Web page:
The shear strength and stiffness of light-frame wood shear walls is highly dependent on the behavior of their individual nailed connections. Eighty-four nailed connection specimens were tested under shear loading to determine the effect of including rigid insulation as an intermediate material between the sheathing and framing elements in a light-frame wood shear wall. Each specimen contained common 10d or 16d nails, 15.9 mm oriented strandboard sheathing, spruce-pine-fir lumber, and rigid insulation in varied thicknesses between 0 and 38.1 mm. From the load-deformation results, maximum load, yield load, and stiffness were assessed using curve-fitting and yield-point determination methods. The results indicate that, as the insulation thickness increases, the connection strength and stiffness both exhibit a steep reduction. In addition, nonlinear two-dimensional (2D) finite-element models of the same nailed connections were developed. These models showed good correlation with experimental data and served to confirm that the decline in strength and stiffness observed in the tests is due to the introduction of the insulation.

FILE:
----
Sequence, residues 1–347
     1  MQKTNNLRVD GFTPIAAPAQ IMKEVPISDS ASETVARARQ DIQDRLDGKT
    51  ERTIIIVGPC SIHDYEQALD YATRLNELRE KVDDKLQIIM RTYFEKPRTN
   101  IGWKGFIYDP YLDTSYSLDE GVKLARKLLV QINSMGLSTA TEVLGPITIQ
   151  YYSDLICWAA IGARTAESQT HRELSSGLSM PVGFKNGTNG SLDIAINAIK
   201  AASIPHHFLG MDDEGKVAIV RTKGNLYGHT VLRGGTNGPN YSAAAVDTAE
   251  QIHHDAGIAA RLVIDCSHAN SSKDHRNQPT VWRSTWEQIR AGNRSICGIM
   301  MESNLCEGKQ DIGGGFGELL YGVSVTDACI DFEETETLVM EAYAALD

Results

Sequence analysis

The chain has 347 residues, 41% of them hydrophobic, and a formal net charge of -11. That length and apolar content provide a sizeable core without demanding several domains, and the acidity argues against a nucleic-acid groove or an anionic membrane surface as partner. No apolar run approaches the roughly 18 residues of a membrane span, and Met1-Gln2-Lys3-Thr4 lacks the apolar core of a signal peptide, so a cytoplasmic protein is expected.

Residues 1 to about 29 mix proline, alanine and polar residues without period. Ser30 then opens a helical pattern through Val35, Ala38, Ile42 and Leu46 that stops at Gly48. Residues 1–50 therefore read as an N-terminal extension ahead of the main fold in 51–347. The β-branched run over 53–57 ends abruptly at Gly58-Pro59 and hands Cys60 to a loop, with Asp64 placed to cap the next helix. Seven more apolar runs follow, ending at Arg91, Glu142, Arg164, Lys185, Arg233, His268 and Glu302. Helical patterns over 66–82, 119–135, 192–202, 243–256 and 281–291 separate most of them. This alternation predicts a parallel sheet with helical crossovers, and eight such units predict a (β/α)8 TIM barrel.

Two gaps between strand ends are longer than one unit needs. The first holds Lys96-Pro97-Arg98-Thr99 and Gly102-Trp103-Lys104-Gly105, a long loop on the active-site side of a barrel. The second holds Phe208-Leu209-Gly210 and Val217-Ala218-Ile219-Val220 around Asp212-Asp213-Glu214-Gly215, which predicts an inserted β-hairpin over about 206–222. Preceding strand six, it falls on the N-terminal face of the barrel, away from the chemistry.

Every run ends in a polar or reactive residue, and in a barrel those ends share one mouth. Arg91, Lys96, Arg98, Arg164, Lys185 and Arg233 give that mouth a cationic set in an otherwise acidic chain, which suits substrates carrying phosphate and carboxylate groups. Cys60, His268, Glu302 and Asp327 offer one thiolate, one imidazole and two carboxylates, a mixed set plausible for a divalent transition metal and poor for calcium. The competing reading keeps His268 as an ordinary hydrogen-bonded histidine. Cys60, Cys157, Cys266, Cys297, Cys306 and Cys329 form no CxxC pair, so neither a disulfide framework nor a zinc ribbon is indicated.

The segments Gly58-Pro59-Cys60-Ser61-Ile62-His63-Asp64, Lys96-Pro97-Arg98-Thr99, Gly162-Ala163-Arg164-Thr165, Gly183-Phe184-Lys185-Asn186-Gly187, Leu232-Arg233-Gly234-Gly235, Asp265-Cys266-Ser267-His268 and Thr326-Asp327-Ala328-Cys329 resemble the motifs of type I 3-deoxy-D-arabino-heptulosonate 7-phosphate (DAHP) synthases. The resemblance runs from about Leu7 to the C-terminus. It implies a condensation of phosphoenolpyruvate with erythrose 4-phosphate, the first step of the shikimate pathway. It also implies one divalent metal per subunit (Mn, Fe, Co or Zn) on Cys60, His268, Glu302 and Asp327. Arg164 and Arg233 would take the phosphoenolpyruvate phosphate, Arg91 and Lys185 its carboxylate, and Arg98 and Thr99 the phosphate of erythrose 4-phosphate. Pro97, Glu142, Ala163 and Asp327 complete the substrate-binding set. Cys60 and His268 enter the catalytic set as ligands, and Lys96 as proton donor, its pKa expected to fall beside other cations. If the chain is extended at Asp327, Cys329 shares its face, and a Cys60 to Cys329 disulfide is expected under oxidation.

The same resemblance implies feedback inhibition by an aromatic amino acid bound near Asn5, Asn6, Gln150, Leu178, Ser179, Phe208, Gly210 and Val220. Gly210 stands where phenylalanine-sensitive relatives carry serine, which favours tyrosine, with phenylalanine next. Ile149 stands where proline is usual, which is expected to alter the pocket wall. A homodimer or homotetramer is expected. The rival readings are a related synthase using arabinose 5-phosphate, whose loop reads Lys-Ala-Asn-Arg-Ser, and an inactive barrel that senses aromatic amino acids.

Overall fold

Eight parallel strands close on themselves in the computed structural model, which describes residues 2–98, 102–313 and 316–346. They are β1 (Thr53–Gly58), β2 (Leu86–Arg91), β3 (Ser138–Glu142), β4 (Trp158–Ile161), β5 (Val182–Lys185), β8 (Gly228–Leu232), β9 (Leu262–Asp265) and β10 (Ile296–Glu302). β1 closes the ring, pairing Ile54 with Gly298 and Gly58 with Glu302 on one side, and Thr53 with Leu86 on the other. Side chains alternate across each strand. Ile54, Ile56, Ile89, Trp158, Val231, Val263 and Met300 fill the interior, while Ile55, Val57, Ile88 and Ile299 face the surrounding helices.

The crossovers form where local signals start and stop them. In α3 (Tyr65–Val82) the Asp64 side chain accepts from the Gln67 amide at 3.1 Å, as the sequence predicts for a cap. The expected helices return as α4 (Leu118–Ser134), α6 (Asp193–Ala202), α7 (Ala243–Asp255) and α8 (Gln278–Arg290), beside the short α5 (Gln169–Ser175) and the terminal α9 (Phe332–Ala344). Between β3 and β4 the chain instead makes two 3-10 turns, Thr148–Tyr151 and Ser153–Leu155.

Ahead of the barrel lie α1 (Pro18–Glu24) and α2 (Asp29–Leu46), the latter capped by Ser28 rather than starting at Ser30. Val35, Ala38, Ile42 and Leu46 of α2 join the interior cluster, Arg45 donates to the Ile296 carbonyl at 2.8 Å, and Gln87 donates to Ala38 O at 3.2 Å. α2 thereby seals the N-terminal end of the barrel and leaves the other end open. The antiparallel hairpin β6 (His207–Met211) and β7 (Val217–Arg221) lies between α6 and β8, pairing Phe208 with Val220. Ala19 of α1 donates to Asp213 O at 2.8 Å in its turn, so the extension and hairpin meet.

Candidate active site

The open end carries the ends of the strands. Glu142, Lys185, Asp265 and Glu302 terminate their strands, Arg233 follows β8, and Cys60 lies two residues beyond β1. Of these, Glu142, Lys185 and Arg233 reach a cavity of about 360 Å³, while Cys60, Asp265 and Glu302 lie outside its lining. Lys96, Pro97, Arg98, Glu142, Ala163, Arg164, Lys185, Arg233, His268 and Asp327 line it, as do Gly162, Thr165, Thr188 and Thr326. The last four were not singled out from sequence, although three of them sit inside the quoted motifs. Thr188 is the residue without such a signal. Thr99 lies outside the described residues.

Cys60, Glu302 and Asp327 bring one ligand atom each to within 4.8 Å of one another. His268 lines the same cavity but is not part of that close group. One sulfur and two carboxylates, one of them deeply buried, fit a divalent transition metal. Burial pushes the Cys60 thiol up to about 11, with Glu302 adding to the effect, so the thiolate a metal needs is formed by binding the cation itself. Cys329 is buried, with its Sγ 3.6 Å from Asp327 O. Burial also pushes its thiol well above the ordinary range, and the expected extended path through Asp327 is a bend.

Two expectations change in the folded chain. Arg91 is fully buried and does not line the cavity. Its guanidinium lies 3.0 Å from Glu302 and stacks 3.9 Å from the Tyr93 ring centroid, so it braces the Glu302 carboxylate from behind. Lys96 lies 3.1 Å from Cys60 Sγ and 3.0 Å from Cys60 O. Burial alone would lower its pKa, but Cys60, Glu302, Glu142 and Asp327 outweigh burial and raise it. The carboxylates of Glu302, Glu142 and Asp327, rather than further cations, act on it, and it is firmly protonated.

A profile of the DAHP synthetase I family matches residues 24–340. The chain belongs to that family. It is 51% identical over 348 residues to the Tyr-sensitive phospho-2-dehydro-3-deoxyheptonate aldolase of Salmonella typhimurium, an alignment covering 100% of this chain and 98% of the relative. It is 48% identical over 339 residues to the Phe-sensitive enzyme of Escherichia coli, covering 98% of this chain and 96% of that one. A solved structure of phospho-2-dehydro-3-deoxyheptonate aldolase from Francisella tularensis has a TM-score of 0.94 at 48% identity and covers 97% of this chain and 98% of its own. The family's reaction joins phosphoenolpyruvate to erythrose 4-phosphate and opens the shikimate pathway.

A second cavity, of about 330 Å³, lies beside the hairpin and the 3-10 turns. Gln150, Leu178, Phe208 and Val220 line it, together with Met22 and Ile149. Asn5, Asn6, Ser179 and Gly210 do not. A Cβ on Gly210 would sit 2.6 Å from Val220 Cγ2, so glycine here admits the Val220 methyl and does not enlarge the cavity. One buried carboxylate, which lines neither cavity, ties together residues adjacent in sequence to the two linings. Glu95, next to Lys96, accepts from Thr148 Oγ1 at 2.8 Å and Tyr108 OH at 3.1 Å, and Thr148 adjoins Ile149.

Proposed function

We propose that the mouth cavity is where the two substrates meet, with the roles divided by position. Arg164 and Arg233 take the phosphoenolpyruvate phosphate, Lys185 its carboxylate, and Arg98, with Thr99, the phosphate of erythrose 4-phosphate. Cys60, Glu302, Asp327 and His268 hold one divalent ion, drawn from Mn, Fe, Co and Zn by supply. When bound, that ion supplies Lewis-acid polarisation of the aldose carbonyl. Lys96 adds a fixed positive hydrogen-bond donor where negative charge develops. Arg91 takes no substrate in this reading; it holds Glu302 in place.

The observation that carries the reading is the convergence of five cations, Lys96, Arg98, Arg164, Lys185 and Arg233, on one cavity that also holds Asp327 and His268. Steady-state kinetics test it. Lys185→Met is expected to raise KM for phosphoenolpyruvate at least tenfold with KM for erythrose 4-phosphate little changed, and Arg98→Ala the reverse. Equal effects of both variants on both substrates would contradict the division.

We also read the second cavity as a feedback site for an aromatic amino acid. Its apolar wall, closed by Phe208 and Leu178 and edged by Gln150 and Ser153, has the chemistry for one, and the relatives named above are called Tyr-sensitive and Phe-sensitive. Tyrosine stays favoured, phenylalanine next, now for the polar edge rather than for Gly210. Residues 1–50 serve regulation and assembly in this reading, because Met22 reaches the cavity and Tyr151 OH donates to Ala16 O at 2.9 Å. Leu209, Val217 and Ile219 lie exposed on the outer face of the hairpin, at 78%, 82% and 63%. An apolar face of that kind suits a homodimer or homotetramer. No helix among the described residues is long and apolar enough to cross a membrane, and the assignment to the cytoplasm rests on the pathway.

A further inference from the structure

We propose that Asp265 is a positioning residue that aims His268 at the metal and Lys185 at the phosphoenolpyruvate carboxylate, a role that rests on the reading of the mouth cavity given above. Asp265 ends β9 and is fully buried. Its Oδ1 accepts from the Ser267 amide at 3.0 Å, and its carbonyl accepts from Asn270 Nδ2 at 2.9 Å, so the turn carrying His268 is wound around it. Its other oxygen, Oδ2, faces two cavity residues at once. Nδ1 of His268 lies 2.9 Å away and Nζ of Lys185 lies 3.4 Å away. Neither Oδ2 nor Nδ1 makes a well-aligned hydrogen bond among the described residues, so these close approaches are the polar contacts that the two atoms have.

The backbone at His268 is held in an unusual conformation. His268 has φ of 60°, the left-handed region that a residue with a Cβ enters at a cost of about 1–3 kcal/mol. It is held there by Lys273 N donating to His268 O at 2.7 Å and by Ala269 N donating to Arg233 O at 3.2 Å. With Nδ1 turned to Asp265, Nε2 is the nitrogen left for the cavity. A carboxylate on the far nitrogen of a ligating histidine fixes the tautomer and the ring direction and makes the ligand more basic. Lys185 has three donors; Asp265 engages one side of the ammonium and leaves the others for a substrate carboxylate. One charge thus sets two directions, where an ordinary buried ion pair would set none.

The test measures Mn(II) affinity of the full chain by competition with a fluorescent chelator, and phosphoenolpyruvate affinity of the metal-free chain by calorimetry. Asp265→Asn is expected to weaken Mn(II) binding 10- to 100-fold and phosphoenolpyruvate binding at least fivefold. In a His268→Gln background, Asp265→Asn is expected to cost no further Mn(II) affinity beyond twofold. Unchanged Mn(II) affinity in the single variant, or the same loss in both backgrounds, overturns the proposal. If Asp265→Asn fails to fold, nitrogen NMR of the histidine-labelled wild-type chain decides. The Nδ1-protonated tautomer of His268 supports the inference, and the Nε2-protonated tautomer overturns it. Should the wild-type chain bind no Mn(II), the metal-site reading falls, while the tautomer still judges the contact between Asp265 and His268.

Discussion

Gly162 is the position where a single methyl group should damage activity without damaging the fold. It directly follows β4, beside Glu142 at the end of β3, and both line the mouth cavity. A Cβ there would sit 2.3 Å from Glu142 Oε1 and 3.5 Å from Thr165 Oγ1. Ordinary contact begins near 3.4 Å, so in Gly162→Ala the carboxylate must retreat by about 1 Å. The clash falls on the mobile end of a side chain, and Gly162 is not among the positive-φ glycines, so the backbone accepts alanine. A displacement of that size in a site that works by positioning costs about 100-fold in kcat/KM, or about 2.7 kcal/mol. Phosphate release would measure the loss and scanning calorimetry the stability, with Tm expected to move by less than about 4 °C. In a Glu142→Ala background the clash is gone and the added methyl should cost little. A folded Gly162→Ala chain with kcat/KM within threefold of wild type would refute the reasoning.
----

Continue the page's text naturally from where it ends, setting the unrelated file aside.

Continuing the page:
Additional Metadata
Keywords Nailed connections, Shearwalls, Wood structures
Persistent URL dx.doi.org/10.1061/(ASCE)ST.1943-541X.0001506
Journal Journal of Structural Engineering (United States)
Citation
Plesnik, T. (Tomas), Erochko, J, & Doudak, G. (Ghasan). (2016). Nailed connection behavior in light-frame wood shear walls with an intermediate layer of insulation. Journal of Structural Engineering (United States), 142(7). doi:10.1061/(ASCE)ST.1943-541X.0001506